Charity legal work isn't done for free

Posted: Monday, June 28, 2010

Last Thursday Alaska's Attorney General Dan Sullivan visited Juneau to preside over a gathering that was called a pro bono summit.

The idea was to invite members of Juneau's legal community to come together to learn more about the incredible need for members of the legal profession to do more volunteer work. I am pleased to have been there, and I learned some new things I hadn't known before.

Sullivan has been at the head of the Alaska Department of Law for a little more than a year. He said there had been talk about addressing the shortfall in pro bono services since before Gov. Palin appointed him to his position. When Sean Parnell became governor last summer, he chose to make combating domestic violence and sexual assault one of the highest priorities of his administration. Last December a comprehensive strategy to address this problem head-on was unveiled. Over the course of this year's legislative session, several pieces of legislation were enacted that increase the legal resources available to prosecutors to fight the scourge of domestic violence.

Gov. Parnell took his fight against domestic violence and sexual assault one step further with the 'Choose Respect' campaign earlier this year. When I heard about the pro bono summit, I wasn't sure what new information I might be exposed to, but I went anyway. After the Attorney General spoke, and we watched some video-recorded remarks from Parnell and Juneau's Mayor Bruce Botelho. He reminded us all that the full phrase for volunteer legal work is pro bono publico which means for the public good. Because all representation is particular to an individual client, this is a somewhat counter-intuitive definition. How can something that is by its very nature targeted to an individual be for the good of every one? The answer lies in the cumulative effect of each volunteer attorney's efforts donating time and legal skills to address client's needs.

There are numerous programs that try to match clients in need of pro bono representation with attorneys willing to take their cases. The Alaska Network on Domestic Violence & Sexual Assault is the group with which I have the most experience. As fate would have it, I was slated to travel to Anchorage on Thursday evening for a divorce hearing for an ANDVSA client on Friday. ANDVSA is constantly looking for attorneys to take cases, for clients all over Alaska.

That's how I, as a Juneau attorney, ended up with an Anchorage case. In addition to ANDVSA, the Alaska Bar Association has an independent pro bono program, and the cases it assigns are not restricted to marital and family law. Perhaps the most far-reaching program for legal services for Alaskans who can not afford to pay for an attorney is the Alaska Legal Services Corporation. This private non-profit is a much smaller operation than it once was.

Back in the 1980s and early 1990s, there was over a million dollars appropriated every year to fund staff attorneys at Legal Services offices across Alaska. In time, however, Legal Services funding was zeroed out by the Legislature. This session, it was restored to the modest level funding level of $200,000, but this still does not go very far in terms of paying for counsel for indigent Alaskans.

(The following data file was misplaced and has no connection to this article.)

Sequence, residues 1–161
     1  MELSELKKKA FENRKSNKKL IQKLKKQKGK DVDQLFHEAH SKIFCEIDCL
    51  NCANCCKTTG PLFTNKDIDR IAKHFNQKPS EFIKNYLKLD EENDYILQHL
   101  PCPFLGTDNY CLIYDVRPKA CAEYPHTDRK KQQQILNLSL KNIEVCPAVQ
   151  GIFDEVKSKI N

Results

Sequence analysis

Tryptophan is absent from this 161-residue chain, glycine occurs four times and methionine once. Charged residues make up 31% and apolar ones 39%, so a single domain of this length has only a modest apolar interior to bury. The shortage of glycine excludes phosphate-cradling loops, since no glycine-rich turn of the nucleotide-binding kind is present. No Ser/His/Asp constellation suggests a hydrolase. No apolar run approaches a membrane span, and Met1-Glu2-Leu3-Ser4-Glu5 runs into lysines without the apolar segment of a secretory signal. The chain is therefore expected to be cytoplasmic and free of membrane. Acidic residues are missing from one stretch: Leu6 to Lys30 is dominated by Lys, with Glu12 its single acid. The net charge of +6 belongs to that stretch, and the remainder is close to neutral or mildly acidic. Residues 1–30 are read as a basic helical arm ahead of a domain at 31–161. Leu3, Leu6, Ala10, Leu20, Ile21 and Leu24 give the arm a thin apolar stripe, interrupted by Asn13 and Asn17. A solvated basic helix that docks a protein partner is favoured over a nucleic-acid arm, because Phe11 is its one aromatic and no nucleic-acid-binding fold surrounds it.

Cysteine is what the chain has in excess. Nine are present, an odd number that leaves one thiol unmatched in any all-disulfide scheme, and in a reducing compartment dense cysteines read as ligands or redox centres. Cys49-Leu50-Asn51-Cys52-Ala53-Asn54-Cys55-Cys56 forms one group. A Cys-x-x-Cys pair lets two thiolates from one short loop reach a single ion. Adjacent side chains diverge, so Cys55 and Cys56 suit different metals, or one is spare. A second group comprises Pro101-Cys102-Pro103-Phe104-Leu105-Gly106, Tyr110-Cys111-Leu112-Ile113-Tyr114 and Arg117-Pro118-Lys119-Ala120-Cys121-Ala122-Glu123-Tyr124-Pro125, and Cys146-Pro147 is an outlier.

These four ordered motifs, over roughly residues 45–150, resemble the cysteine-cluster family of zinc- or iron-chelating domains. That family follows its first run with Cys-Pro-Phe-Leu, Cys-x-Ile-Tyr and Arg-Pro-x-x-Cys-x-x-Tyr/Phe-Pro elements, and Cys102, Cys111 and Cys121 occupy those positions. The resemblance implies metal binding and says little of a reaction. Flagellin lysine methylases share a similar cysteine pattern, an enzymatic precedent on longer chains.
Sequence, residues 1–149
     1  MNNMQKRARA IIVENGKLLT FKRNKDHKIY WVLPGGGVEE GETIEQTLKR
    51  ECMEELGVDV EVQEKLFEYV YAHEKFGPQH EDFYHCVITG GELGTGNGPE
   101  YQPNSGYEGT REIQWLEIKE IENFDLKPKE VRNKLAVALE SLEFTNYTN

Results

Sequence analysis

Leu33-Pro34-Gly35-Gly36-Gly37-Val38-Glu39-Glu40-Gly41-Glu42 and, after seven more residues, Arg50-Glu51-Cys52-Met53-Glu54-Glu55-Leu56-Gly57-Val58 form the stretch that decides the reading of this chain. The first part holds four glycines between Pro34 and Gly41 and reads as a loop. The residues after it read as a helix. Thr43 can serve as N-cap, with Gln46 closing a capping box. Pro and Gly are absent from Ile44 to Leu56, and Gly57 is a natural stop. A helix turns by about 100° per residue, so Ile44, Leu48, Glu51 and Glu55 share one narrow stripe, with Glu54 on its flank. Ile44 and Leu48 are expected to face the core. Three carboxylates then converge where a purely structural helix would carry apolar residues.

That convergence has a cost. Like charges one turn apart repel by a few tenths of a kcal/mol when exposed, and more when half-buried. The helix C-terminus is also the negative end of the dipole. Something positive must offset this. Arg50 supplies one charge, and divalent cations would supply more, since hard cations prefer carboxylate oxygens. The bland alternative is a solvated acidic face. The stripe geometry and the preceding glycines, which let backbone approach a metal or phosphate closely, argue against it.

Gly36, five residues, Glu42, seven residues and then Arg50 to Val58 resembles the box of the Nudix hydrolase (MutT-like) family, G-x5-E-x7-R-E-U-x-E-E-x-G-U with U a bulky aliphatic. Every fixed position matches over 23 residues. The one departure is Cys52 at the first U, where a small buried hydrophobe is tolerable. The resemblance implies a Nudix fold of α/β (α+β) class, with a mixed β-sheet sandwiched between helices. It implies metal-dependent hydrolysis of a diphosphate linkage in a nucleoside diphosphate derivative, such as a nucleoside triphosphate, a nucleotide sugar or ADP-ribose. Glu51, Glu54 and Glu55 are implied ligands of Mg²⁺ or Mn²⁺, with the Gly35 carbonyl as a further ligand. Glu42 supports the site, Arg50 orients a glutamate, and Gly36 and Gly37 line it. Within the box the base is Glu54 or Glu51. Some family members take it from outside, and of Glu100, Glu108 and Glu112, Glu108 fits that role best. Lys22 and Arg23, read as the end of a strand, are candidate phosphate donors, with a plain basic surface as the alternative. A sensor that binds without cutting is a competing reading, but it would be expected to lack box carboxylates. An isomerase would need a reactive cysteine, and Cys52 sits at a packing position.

I understand that there is no such thing as a free lunch. The Legislature has a duty to allocate scarce funds carefully, but I have never supported the elimination of all funding for Legal Services. As a non-profit, Legal Services aggressively raises funds, but such efforts can not replace the need for a reasonable amount of funding from the State of Alaska. I don't know what the right number is, but I think it is somewhere north of $200,000 and I hope the Legislature will in coming years continue the trend of making more funds available to this worthy cause.

One of the most interesting speakers at the pro bono summit was one of the victims' advocates from the local women's shelter, Aiding Women in Abuse or Rape Emergencies. These women are on the front line in responding to crisis situations, and it was illuminating to hear about one advocate's challenges in multi-tasking and trying to help without giving legal advice.

Statistically it has been repeatedly proven in Alaska and across our country that the single most effective way to prevent a victim of domestic violence from being physically harmed again is to provide the legal representation to not just end an abusive relationship, but also to achieve property and custody outcomes that directly brighten women's futures.

Before I left the pro bono summit, I told the ANDVSA case co-ordinator that I would be finishing my work on one case the next day, and would take another one. She smiled and told me she had a case for me, and she would send me the information to get started. The next day, in Anchorage, as I walked out of the Nesbett Courthouse with my client, her Anchorage advocate, and the others who had been there in court, my client hugged and thanked me. She was so relieved and happy to be getting on with her life. I felt like I had really helped her out, and it doesn't get much better than that.

• Ben Brown is an attorney living in Juneau.



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